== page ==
The powerful physiques that produced awesome, gold-medal winning performances from Chris Hoy and Allan Wells; the moustachioed machismo of David Wilkie; from another era, the guileless daring of Eric Liddell. This time, the picture looks very different.
At these Games, perhaps more than any other, Scotland's greatest hopes are carried by women. If the Scottish contingent within Team GB pull their weight, there is a strong chance that female athletes will add more medals than the males.
In the pool, Hannah Miley is primed for gold, similarly Katherine Grainger and Heather Stanning in the rowing. Mhairi Spence, in the modern pentathlon, and Jen McIntosh, in the shooting competition, are also contenders in their chosen sports. Kim Little and Ifeoma Dieke, too, are part of a British football squad expected to vie for honours after a winning start which provided London 2012 with its first action.
Both as individuals and in team pursuits, there will be fewer instances of 'Lords of the Rings' than ladies who launch themselves at personal bests in London. There are no Scottish men in the athletics squad, whereas Eilish McColgan, Eilidh Child, Lynsey Sharp and Lee McConnell will compete on the track at Stratford; it is the same in hockey, with Laura Bartlett and Emily Maguire chosen for Team GB; and, across an eclectic range of pursuits, from Susan Egelstaff in badminton to Sarah Clark in judo, the presence of female athletes with medal prospects will be impossible to ignore.
All of which should provide a fitting riposte to those who used to argue that the majority of girls were instinctively turned off by PE at school. If anything, as Margot Wells – wife of the 100m champion of the 1980 Olympics, Allan – told Herald Sport, the balance has shifted in the opposite direction. She believes that the limelight enjoyed by such a significant number of the sorority in London will light the flame for a new generation of athletes.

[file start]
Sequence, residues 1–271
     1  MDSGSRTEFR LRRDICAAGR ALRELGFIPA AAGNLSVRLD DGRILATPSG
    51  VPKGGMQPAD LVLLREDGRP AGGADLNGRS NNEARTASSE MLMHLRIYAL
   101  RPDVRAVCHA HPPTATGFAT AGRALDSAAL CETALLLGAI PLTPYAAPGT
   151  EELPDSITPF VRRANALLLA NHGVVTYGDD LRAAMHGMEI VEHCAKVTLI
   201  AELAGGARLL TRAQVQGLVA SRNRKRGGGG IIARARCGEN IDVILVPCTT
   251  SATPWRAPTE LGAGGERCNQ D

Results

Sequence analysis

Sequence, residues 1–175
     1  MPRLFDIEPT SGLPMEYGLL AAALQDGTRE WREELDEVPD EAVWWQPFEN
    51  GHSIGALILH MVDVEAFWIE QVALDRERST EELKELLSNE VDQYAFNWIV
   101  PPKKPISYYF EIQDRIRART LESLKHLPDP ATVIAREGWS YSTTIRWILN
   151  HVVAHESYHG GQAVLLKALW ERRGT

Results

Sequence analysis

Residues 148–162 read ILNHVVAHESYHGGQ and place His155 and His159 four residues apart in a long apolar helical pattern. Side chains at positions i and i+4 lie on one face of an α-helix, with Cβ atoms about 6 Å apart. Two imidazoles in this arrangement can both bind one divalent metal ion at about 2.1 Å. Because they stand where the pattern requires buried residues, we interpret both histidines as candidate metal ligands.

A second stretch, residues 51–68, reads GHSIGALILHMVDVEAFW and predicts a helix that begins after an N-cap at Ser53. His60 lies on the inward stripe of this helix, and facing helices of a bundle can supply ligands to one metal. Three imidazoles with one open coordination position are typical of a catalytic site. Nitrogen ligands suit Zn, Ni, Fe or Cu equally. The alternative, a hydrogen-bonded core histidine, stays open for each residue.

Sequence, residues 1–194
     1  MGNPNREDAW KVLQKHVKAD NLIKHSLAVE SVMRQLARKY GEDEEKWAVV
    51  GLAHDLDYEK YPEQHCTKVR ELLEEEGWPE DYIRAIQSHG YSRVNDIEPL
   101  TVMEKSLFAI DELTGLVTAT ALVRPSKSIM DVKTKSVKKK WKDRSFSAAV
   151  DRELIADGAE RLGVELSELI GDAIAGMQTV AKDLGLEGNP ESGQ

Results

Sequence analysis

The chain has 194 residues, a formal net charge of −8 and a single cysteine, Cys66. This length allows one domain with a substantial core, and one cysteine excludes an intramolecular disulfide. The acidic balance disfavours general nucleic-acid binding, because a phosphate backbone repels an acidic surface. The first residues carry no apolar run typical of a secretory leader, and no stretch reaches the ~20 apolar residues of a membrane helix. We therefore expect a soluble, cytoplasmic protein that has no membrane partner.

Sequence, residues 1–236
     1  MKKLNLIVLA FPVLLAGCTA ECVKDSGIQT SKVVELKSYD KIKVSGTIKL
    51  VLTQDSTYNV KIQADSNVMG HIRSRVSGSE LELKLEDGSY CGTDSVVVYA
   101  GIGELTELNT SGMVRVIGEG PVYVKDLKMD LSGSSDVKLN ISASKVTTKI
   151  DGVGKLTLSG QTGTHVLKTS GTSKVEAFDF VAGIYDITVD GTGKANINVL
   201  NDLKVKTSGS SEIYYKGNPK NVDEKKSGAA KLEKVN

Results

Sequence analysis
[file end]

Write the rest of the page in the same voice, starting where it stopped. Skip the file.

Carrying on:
"Youngsters search for role models. They look at people they see on television and tell themselves: 'I want to do that'. Well, that isn't going to happen in male track and field, because Scotland doesn't have anybody at the Olympics and that should be a concern, not just in London, but for the Commonwealth Games in Glasgow [in 2014]," said Wells, who is doing her utmost to generate momentum at the grassroots of running in Britain. "But it is very encouraging that we have a good number of talented females coming through and I am confident they will persuade the next generation to take a greater interest in athletics.
"These young women [such as McColgan and Sharp] have plenty of potential; they are slim, they are pretty and aren't muscle-bound hulks, and I would hope their achievements help to encourage others to take up sport. After all, the Olympics is the biggest show in town, and it reaches audiences which nothing else does."
These words reflect the increasing amount of female participation, but that is not the sole consideration. Whereas the likes of Hoy and David Millar, in cycling, and the swimmers Robbie Renwick and David Carry are surely competing in their final Games, Miley, McIntosh, Little, McColgan and Sharp are all at the outset of their careers and most should be the better for their experiences in London when the Games begin in Rio four years hence. Grainger might be on the cusp of retirement, but in her wake 20-year-old Iona Riley, who has already represented Team GB at the World Under-23 Championships this summer, is starting to make her own waves in rowing.
That abundance of young potential hints at another contrast between Scottish men and women, which has accentuated the furrows on the brow of seasoned athletics coach, Tommy Boyle. "There has been a lot of concern voiced in recent years about how Scottish girls are not interested in sport, but I actually think that we have plenty of excellent role models at the moment. Girls will look at Hannah [Miley] or Katherine [Grainger], Eilish [McColgan] and Eilidh [Child] and be inspired by their example and that has to be a positive development," said Boyle, who mentored, amongst others, Yvonne Murray and Tom McKean, and is currently involved with the Winning Scotland Foundation.
"The big concern is the lack of males who are staying in sport once they leave school, and it obviously disappoints me that there are no Scottish guys in the GB athletics team. That is a sign of a major shift in society and it is something we have to address."
Perhaps football remains the be-all and-end-all for many young men in this country. Or maybe so many sporting females have tolerated apathy and ignorance for so long they have decided to heed the song, whereby sisters are doing it for themselves. But, whatever the reason, as the Olympics kick into action, the spotlight will be as much on our women as our men.
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